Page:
I may have spoken a little harshly about some aspects of tourism in Bali, but one thing the island–and Ubud in particular–does especially well is food.
Since Bali is such a popular holiday destination for people from all over the world, it seems to have adapted its culinary scene to suit a wide variety of tastes. The spiritual aspect of Bali has also influenced the cuisine by ensuring that vegan and all-natural food can easily be found.
Josh and I happily ate our way around the island. It can sometimes be just slightly more difficult to travel as vegetarians, but not once on Bali did we feel starved for options.
Our first favorite was a tourist bar/cafe that we went to because it was just a short walk from our villa near Ubud. With delicious Indonesian and international food made from local organic produce, Fly Cafe was already doing well in my book. And then came dessert. Let’s just say that I coerced Josh and Molly into going back there late one night just for another piece of the “island’s best key lime pie.”
After seeing the Bat Cave Temple, it was time for lunch, and our driver asked if we would prefer to eat at one of the local restaurants off the main road or at a place by the ocean in the fishing village of Candidasa. Obviously, we chose the latter. We were dropped off at the front of a resort, and walked along a quiet pathway of guest bungalows to get to the seaside restaurant.
Rendezvous had several veg choices, and Josh and I each opted for an overpriced veggie burger. The defining feature of this restaurant, however, was not the food but the setting. The resort was quiet and relaxing, and we enjoyed looking out at the sea while we dined. It was definitely worth the experience.
Down to Earth
As I flipped through my Ubud welcome booklet on our first day in Bali, I noticed an advertisement for this cafe/market.
The atmosphere was nice, and we enjoyed the free wifi, the creative placemats, the giant case of vegan pastries, and the impossibly huge menu. Though slightly overpriced because of its novelty of being an all-veg place, I felt like Down to Earth was definitely worth it and still cheaper than a US equivalent.
Downstairs was a shop that carried a lot of fair-trade, vegan, and all-natural products such as health supplements, specialty food items, and even some local/ethical souvenirs.
Also, unlike many other restaurants in Bali, Down to Earth had a no-smoking policy, which gave Josh and me a welcome break from the smoke allergies that we experienced almost nonstop during our trip.
This was another place that I first saw in my Ubud welcome booklet, and since it advertised not only a huge vegetarian menu, but also an afternoon high tea, Molly, Josh, and I were all very interested in checking out this cafe/boutique.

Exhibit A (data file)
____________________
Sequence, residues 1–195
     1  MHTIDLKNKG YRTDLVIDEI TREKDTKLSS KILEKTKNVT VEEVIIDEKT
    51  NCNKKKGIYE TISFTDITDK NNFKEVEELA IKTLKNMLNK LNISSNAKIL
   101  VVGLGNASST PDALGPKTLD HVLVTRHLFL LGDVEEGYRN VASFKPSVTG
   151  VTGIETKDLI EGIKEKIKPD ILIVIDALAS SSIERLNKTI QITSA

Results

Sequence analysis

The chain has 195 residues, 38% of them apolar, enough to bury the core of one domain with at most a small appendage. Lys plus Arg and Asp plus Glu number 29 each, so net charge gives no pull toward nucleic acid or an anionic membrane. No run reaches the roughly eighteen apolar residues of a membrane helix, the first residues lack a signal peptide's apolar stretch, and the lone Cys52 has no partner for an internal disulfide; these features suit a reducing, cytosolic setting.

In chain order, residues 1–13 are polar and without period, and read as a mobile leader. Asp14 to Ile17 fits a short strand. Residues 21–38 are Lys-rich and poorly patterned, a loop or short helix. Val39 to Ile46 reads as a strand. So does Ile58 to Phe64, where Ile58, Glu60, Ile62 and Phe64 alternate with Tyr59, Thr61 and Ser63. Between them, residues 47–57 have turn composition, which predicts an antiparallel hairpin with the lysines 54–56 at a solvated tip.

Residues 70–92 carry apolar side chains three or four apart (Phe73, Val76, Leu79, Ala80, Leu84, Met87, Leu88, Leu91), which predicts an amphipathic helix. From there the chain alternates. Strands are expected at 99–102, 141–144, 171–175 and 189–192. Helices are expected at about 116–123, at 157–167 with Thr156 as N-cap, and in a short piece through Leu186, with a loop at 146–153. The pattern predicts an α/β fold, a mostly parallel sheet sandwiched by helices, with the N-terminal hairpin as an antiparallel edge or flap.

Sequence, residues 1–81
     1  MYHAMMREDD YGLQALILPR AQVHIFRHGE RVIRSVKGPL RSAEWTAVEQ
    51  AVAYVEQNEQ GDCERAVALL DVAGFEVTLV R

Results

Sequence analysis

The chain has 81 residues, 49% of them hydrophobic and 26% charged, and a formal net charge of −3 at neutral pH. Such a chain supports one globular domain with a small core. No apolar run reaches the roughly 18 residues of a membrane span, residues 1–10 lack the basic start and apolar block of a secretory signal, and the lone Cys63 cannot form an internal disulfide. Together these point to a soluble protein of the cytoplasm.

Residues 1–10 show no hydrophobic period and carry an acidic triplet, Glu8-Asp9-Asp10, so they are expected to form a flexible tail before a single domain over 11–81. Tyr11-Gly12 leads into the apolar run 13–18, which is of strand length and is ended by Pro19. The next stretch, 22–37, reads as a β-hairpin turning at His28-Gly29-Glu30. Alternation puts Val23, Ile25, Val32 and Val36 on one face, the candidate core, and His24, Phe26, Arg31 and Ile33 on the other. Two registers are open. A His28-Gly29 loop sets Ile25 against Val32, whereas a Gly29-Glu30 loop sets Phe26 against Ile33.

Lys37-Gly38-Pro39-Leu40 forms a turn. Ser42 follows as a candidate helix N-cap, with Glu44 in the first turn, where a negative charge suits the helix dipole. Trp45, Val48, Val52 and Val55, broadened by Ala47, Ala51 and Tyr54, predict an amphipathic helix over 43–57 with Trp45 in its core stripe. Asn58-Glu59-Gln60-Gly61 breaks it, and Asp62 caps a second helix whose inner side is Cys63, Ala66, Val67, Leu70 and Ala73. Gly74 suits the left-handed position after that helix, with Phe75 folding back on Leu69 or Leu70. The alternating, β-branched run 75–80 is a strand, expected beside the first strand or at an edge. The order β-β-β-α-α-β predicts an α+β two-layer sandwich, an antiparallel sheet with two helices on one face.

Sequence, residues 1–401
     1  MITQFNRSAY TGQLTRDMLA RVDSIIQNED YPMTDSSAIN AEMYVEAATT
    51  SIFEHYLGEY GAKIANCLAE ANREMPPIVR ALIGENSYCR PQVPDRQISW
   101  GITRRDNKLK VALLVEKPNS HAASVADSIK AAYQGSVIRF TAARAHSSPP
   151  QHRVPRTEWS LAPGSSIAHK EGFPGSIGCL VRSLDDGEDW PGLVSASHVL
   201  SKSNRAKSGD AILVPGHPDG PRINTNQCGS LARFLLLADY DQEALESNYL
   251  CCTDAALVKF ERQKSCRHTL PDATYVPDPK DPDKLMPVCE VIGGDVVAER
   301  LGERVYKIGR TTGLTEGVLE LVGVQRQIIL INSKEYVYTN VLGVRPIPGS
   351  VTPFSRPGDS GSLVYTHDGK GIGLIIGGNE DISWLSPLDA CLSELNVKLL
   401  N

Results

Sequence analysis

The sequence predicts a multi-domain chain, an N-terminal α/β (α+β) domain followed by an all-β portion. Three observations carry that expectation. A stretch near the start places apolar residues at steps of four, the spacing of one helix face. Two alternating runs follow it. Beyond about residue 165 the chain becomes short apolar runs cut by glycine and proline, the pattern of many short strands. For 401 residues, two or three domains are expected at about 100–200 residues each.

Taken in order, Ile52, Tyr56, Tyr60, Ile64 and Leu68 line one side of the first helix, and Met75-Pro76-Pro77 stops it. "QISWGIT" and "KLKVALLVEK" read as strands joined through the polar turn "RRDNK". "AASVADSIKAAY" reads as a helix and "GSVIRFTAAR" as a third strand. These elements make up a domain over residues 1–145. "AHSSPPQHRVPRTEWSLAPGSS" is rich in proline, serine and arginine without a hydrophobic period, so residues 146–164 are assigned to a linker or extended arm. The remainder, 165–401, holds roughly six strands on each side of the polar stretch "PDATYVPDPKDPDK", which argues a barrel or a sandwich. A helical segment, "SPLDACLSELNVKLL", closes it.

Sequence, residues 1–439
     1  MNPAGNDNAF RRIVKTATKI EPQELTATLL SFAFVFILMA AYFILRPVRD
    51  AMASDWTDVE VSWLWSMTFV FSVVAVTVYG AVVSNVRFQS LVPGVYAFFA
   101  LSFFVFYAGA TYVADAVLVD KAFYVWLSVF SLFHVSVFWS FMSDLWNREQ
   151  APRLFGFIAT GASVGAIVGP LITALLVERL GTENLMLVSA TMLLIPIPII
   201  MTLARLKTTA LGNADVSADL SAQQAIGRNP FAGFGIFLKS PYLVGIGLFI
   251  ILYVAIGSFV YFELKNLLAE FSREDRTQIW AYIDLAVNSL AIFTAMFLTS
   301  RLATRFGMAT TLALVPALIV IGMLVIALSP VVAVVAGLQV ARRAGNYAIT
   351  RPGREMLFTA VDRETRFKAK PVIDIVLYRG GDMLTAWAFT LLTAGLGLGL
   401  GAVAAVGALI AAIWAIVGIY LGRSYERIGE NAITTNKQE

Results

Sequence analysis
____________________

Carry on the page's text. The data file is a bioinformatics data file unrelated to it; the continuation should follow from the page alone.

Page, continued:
The first time we went, we ordered breakfast and drinks. Kismet’s menu was so enticing, with plenty of fresh and healthy meals in addition to some splurge-worthy options (such as several flavors of delicious vegan ice cream!), that we came back two more times over the next few days.
The breakfast sandwiches came with a side salad, and the fruit bowl that Josh ordered was massive. I was also impressed that when you order drinks, they ask if you want fresh milk, rice milk, or coconut milk. They also bring a few pitchers containing different kinds of sugar. And while we waited for our food each time, we were brought a plate of small towels that were soaked with cold water, which was a really amazing touch.
The cafe is tiny, and I’ve never seen such a small kitchen, but we saw as many as five workers squeezed together back there, cooking up fresh meals for our enjoyment, so I guess their system works!
Just like Down to Earth, Kismet had a great atmosphere–free wifi, smoke-free, interesting decorations, and board games. We played Scrabble the first time that we went, and when we went back for our afternoon high tea, we ended up playing Cards against Humanity for close to four hours.
A note about Kismet’s High Tea: You must make a reservation 24 hours in advance. At about $9 USD/person, the high tea will get you a pot of tea per person, several delicious vegetarian finger sandwiches along with a simple salad, scones with clotted cream and jam, and other sweet treats, all served on a three-tiered cake stand. Even though we’d skipped lunch, there was more food than we were able to eat at once, but it was a slow afternoon, and they didn’t mind that we took several hours to enjoy the meal.
I absolutely loved Kismet, and I think I’m correct in saying that it was by far everybody’s favorite of all the places we ate in Bali.
The best brownie in the world
The inside of this Kuta restaurant looked really funky, and we happened to pass by as we were starting to get ravenous, so we stopped for dinner. Unfortunately, Nebula’s vegetarian dishes were pretty awful, and as we choked down our bland meal, Molly, Josh, and I repeatedly wondered how this place stayed in business. (The TripAdvisor reviews paint another picture of this place, so maybe we just visited on an off night.)
But when we ordered the brownies for dessert, we changed our minds. With gooey icing and a slight caramel flavor, these brownies were quite possibly the BEST dessert I have ever eaten anywhere. I fully plan on returning to this place just for another brownie (or ten!) next time I’m in Bali.
Ultimately, I feel that Bali is a worthwhile destination for its food alone, and people with dietary restrictions have nothing to fear when they visit!
*All photos were taken by Josh.
Have you been to Bali? What were your best meals there?